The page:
One thing is immediately apparent about Chris Costner Sizemore: she notices everything.
From the Beverly Hills palm trees with the naked, ostrich-like trunks, to a reporter leaving wide margins on a pad for notations, to an old, wooden, curved-top radio in a radio station lobby, nothing unusual escapes her comment.
That is because Sizemore, 62, considers herself 15 and believes she is seeing many things for the first time since she recovered from Multiple Personality Disorder (MPD) in 1974.
"I think I'm like a growing child when they first begin to observe," Sizemore said. "I'm a middle-aged woman, but I think some of my personality development is that of a teen-ager."
Sizemore's defense mechanisms formed the first of 22 alternative personalities at age 2 after she witnessed a trio of gruesome incidents. Within three months, she saw one man who appeared to have drowned in a ditch, another who had been sawed in half at her father's lumber mill and her mother badly cut by an exploding jar. She lived with Jane, the Turtle Lady, the Retrace Lady and 19 other personalities until psychiatrists cured her 45 years later.
After one supposed cure, she became the basis for Joanne Woodward's Oscar-winning performance in the 1957 film "The Three Faces of Eve." She continued slipping into other personalities, however, and recovered years later only after extensive work with new therapists on the little-understood neurosis.
Her new book "A Mind of My Own (William Morrow and Co., Inc.) details her life after recovery and "the peace this wellness has brought to my family."
But during a recent trip to Los Angeles to publicize her book, she said the road to wellness was full of potholes. As she grew healthy, new relationships developed slowly and painfully with family and friends.
"I was so excited about being whole and being me. Everything was real. It was permanent," Sizemore said. "My family just did not seem to celebrate that."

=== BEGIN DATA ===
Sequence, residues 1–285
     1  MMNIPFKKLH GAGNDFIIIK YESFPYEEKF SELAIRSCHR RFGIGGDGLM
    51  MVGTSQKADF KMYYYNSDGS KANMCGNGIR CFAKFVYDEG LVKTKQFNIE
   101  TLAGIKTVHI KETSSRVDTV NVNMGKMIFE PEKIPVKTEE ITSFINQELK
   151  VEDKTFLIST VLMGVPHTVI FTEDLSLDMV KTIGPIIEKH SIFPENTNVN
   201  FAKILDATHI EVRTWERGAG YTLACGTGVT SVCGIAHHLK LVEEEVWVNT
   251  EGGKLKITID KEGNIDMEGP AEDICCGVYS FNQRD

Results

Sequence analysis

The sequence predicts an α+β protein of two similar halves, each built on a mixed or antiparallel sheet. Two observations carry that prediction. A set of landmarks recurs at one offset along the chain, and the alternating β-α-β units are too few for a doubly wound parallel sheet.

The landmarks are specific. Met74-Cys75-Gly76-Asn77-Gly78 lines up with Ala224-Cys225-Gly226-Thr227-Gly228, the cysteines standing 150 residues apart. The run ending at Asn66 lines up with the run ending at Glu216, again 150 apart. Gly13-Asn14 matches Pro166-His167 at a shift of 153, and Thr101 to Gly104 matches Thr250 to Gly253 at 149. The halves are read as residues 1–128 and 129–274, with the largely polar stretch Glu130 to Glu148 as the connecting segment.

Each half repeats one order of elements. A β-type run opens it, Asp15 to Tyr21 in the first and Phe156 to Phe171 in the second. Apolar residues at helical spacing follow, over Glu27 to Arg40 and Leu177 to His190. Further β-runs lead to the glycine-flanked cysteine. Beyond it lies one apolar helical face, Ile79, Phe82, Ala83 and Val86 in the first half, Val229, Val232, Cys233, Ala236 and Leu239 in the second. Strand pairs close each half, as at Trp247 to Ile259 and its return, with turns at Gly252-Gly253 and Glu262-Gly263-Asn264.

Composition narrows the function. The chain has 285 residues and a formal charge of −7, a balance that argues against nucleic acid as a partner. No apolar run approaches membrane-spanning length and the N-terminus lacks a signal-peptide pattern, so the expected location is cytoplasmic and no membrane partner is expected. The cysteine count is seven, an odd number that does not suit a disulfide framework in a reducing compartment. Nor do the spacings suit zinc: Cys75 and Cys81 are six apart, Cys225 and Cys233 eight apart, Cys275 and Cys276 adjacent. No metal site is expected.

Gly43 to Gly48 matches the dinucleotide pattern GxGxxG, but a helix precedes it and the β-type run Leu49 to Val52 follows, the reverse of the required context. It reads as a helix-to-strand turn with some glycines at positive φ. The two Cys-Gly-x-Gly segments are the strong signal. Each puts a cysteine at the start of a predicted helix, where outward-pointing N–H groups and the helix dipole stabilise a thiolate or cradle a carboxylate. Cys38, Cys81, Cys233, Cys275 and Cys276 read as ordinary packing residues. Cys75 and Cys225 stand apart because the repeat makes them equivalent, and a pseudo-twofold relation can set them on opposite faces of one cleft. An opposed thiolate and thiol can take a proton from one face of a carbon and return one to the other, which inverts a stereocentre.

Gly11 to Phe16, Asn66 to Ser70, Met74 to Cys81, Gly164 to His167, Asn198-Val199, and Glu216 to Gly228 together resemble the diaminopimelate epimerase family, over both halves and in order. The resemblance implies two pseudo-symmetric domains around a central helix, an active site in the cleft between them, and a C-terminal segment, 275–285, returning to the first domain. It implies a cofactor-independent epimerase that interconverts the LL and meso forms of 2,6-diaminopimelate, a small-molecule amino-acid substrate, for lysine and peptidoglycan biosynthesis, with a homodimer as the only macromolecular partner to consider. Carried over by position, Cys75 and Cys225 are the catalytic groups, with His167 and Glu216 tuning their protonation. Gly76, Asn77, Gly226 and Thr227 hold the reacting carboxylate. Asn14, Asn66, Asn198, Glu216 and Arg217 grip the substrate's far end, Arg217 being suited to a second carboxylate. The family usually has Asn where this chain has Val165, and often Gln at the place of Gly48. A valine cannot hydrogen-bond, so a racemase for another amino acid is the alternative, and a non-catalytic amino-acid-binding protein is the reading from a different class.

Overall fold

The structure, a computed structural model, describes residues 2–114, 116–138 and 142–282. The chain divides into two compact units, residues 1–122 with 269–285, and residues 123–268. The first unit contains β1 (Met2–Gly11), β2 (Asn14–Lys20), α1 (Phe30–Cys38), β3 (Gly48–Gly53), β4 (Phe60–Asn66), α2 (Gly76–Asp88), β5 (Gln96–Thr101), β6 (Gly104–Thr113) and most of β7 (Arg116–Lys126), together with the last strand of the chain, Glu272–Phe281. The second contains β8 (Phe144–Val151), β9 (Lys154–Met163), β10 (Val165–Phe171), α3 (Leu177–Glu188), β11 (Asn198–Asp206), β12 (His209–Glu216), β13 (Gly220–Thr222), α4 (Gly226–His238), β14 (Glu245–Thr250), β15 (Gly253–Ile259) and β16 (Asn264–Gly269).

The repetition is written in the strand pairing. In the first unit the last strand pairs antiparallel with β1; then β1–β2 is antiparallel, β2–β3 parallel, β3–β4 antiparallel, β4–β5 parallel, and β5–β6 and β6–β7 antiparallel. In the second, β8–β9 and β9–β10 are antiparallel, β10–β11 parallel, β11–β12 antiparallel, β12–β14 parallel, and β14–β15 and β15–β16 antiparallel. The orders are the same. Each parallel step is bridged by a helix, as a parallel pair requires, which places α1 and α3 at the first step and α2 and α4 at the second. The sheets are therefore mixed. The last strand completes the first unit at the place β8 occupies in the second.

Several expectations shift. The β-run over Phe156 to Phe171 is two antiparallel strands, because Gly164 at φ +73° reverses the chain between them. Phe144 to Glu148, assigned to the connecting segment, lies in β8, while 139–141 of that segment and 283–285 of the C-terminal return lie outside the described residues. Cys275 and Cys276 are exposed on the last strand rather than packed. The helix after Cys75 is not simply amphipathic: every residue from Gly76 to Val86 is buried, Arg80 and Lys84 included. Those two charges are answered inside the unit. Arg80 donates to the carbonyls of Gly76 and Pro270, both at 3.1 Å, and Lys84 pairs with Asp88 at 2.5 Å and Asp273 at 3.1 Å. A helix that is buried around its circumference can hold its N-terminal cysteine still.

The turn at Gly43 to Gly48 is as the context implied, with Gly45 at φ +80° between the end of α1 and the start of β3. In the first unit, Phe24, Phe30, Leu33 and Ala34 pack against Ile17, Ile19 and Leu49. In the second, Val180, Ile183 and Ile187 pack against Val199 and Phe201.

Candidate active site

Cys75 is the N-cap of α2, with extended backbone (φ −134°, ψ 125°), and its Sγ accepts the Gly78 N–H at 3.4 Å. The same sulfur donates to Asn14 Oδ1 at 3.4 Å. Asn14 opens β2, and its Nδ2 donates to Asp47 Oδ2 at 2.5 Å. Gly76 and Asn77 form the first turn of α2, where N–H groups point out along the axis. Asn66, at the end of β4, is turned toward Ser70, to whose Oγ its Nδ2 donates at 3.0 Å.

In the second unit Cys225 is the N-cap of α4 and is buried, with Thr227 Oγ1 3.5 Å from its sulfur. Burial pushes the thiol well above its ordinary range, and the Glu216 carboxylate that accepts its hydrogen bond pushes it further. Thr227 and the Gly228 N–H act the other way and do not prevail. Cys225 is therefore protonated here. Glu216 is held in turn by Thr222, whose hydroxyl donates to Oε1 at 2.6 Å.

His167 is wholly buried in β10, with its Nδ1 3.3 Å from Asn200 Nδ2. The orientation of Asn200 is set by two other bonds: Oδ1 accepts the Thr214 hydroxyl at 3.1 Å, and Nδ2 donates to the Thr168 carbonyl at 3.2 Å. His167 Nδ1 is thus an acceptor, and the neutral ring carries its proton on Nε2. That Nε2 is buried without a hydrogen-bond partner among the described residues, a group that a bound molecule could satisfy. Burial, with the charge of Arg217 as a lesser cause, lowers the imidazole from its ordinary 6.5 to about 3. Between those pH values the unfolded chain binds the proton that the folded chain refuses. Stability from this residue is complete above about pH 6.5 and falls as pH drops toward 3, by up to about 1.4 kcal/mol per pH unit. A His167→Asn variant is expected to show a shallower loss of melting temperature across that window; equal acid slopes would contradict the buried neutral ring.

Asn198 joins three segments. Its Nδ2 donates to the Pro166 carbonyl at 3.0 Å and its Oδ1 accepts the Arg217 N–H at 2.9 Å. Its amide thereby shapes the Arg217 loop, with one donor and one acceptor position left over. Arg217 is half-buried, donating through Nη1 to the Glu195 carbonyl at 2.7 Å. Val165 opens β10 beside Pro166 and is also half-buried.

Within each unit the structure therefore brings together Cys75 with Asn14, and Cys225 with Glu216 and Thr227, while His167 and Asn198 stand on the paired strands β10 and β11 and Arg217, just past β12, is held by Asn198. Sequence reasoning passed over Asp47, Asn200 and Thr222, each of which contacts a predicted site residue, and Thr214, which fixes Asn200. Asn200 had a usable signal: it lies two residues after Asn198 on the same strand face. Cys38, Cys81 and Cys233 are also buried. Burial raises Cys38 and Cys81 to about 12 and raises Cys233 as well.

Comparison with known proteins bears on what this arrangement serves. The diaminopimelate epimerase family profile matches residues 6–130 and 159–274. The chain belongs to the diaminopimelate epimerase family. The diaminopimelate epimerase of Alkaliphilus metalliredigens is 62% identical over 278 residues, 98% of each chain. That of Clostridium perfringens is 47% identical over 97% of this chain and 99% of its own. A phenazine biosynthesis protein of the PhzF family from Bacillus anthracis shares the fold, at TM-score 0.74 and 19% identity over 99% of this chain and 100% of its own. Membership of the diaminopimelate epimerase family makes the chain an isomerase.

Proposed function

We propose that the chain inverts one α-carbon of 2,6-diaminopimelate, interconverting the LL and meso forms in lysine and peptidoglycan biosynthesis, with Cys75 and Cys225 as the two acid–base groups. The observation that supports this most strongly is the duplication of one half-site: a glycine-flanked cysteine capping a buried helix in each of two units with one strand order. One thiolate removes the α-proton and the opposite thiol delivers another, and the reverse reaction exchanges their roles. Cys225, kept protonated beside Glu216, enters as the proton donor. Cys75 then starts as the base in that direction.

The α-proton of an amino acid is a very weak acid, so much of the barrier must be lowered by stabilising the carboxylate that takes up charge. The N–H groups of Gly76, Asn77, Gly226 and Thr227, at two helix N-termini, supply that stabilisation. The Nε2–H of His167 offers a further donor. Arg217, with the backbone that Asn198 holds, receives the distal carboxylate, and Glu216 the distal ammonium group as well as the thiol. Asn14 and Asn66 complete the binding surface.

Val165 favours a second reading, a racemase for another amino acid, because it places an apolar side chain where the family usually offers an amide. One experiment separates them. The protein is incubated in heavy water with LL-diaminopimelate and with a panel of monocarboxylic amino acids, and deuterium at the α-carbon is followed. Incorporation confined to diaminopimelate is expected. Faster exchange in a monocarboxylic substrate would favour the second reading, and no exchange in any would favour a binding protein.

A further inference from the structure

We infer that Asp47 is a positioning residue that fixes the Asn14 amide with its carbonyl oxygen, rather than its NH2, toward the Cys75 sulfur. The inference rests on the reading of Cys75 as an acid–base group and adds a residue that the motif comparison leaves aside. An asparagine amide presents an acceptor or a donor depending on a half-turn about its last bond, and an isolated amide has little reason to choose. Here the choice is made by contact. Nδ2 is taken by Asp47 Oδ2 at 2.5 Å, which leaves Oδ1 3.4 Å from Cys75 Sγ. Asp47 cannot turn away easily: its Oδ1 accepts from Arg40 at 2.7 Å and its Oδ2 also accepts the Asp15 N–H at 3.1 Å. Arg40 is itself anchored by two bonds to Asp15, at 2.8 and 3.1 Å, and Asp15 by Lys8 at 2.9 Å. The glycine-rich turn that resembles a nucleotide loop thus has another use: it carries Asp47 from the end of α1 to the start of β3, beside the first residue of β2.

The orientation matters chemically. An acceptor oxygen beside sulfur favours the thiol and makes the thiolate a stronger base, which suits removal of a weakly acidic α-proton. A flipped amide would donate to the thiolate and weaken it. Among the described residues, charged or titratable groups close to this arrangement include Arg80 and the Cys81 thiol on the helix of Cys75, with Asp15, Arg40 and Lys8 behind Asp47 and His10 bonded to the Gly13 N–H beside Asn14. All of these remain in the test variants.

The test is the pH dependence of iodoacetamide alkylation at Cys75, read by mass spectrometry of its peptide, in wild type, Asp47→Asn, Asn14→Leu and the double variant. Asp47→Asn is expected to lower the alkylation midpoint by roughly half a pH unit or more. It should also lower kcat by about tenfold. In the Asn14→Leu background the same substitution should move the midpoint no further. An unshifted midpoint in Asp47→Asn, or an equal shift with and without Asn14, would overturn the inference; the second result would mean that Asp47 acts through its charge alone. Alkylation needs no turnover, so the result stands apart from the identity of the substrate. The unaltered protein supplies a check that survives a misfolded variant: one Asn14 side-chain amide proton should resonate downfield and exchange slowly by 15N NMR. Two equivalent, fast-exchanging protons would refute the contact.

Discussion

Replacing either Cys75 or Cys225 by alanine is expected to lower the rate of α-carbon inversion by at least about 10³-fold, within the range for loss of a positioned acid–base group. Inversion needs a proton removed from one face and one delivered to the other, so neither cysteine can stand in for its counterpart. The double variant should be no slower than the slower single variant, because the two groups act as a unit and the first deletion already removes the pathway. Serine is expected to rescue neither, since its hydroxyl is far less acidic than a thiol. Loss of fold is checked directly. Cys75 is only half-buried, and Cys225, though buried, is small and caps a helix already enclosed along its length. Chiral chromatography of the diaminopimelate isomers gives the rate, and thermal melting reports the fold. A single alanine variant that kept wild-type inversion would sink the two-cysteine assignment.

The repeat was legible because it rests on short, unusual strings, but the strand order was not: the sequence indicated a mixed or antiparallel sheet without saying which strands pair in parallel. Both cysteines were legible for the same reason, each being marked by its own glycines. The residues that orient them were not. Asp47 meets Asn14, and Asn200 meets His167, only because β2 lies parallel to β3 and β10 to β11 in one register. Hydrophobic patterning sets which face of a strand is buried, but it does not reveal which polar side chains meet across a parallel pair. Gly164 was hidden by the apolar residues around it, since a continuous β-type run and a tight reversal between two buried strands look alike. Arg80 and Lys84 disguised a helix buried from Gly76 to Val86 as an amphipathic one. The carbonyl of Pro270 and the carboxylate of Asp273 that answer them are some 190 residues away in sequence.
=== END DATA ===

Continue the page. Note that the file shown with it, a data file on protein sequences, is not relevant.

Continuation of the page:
Her husband Don, her daughter Taffy, now a 40-year-old Fredericksburg, Va., homemaker and her son Bobby, now a 30-year-old high school counselor in Ft. Myers, Fla., had after all endured numerous failed cures.
Before they accepted her recovery, they had to know she had ended the changes that could transform her IQ, skills, appetite, handwriting and facial expressions between the time they left home in the morning and returned at night. Until they were sure of that, her embarrassed family would keep her neurosis a secret and refuse to appear with her if she discussed her illness with audiences.
Her quiet, hard-working electrician husband once told friends: "It's just hard to forget that, for years, Chris could change at any minute. Whether doctors said she was cured or not. So being told again that she's well doesn't make my fears go away. Not overnight, anyway. . . . "And I couldn't tell a soul. Not for 23 years. That's what made it so hard. . . . No man at work had problems like mine. Over lunch . . . guys would talk about their wives running up bills on three or four credit cards. Or kids getting into trouble.
"But how was I going to slip into talk such as that with a line like, 'Yeah, I know troubles, too. My wife is three people right now.' "
The recovery also troubled Don, who married an alternate named "Jane" in 1953 and had to get to know Chris 20 years later.
Don told Chris he thought that once she recovered, she would function as a wife and mother without medical help and without heavy doctor bills. He also hoped that for a change, she would be able to help him.
Those hopes were not realized for years because Chris' fragile, new personality still needed expensive treatment and medication.
"I was unwittingly vacillating back and forth," Chris recalled, between multiple personalities and health. "Some days (my doctor's) counsel and my daughter's encouragements beckoned me toward deeper commitment to the realm of normalcy; but most days I was living with, or by, memories that beckoned from that other world."
Amid the tensions of his hopes and her reality, the couple lived silent lives, neither disturbing the other, for many months. He worked days and stayed to himself at night. She did housework and took preliminary steps on a book during the day and spent weekends with other family members.
When Don raised the possibility of divorce, saying he had taken care of her during her illness and had the right to live his own life, she took an overdose of sleeping pills. Her son, 14 at the time, came home from school to find her crawling on the floor slipping in and out of consciousness. He called a cab and rushed her to a doctor who saved her life.
In the following therapy, she wondered whether her abnormalities would ever cease and realized some startling things about her sex life.